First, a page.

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Oxford University Press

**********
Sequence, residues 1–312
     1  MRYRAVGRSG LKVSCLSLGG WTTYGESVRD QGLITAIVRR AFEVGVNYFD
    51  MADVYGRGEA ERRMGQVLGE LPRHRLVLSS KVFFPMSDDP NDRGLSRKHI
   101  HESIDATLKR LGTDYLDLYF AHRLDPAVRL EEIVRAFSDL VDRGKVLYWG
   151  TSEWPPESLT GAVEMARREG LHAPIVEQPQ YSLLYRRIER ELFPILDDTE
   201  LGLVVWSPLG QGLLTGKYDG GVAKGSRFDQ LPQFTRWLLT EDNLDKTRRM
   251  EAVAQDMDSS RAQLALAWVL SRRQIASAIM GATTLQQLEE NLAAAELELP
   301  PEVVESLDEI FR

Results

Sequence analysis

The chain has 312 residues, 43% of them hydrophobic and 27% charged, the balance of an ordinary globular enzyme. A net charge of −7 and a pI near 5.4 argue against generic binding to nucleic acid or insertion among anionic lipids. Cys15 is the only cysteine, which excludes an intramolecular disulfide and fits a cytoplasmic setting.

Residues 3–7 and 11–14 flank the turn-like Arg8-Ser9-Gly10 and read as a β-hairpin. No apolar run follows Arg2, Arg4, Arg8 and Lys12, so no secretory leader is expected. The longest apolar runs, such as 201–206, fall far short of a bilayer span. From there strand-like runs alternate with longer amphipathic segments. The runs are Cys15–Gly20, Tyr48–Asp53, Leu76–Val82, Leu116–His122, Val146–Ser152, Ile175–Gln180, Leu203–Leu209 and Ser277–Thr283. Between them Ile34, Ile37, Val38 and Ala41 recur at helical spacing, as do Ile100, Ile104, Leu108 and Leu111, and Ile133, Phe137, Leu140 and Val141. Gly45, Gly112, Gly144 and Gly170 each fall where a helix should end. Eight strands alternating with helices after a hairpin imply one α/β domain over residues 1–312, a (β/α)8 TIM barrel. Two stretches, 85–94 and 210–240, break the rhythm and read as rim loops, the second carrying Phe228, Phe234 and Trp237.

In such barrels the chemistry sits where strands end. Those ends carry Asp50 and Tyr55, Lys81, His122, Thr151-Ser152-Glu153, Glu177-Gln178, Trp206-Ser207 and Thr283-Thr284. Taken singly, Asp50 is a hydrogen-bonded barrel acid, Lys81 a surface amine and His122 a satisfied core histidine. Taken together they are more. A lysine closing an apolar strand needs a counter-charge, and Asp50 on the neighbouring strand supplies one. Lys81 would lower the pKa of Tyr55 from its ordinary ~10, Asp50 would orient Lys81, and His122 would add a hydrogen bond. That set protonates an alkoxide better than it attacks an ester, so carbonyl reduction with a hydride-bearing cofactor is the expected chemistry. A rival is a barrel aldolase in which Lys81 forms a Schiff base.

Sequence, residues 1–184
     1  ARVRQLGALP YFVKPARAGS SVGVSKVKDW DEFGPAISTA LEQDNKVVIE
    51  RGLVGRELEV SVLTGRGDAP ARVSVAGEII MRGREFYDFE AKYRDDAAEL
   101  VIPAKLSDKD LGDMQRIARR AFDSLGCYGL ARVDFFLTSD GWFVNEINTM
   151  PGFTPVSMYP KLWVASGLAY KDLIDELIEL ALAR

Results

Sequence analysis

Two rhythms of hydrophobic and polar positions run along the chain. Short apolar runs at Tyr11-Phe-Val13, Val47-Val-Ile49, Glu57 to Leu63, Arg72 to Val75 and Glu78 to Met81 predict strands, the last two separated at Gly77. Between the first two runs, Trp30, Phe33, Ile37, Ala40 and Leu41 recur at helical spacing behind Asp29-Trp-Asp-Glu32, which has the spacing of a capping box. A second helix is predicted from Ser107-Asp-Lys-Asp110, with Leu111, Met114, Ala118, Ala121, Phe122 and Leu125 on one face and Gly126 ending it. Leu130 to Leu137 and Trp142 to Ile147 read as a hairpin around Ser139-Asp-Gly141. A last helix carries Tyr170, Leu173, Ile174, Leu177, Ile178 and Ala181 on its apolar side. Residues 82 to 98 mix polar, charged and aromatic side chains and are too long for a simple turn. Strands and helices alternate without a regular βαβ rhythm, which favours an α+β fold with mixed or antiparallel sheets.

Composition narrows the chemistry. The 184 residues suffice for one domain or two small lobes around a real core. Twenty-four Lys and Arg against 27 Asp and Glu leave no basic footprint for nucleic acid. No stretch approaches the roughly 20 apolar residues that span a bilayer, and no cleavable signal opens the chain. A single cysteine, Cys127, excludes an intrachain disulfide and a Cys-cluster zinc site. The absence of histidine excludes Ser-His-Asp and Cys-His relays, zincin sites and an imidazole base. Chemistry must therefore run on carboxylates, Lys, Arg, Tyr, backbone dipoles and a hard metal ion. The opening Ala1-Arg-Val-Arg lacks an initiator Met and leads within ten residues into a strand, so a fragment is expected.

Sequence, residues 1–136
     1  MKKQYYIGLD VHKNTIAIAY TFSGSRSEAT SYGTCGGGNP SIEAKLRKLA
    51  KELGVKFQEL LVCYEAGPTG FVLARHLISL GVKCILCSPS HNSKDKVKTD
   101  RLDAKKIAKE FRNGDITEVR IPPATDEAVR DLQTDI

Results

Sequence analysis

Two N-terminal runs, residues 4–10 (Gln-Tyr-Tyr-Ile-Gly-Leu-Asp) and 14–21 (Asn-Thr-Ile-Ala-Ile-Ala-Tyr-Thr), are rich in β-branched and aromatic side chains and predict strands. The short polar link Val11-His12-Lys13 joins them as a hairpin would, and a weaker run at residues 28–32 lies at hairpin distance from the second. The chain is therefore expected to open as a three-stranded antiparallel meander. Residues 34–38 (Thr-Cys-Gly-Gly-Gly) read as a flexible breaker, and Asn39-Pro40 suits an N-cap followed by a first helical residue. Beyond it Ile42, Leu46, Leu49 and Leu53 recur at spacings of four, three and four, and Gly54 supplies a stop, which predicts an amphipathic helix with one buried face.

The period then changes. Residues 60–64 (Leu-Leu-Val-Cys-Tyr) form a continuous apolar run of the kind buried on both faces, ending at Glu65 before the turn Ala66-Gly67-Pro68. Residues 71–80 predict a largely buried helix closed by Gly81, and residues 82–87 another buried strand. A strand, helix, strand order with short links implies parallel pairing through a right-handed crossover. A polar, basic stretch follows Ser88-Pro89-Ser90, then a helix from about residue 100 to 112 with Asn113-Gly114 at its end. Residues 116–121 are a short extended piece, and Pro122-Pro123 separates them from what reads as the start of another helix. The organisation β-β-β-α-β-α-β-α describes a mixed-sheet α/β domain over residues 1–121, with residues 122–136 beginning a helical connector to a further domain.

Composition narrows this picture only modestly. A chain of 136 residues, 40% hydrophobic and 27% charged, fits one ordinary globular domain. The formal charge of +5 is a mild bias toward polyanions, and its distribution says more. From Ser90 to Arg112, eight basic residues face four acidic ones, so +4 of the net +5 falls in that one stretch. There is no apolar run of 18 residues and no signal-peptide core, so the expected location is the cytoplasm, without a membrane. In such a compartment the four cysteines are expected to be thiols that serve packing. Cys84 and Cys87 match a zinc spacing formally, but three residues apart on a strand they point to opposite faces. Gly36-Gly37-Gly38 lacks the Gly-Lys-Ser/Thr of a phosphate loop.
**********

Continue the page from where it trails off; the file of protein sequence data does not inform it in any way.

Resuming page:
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At the time of European contact, western Mexico was dominated by the Tarascos, who spoke a language called Purépecha. Never defeated by the bordering Aztec Empire, the Purépecha Empire instituted a bureaucratic system that was designed to extract tribute from subjects and to control political, economic, and social life throughout their territory. Archaeological research shows that existing societies in west Mexico were quickly co-opted by Purépecha tribute-based and ideological systems. This chapter reviews the traditional model of Purépecha development by incorporating archaeological research from both the Pátzcuaro Basin imperial core region and elsewhere in the empire. Recent work indicates that there was a spectrum of state–local relations that were more complicated than the ethnohistoric record suggests. In particular, new data from the Pátzcuaro Basin of Michoacán show how the Purépecha developed over a long trajectory in western Mexico, engaging in a series of negotiations with large urban centers.

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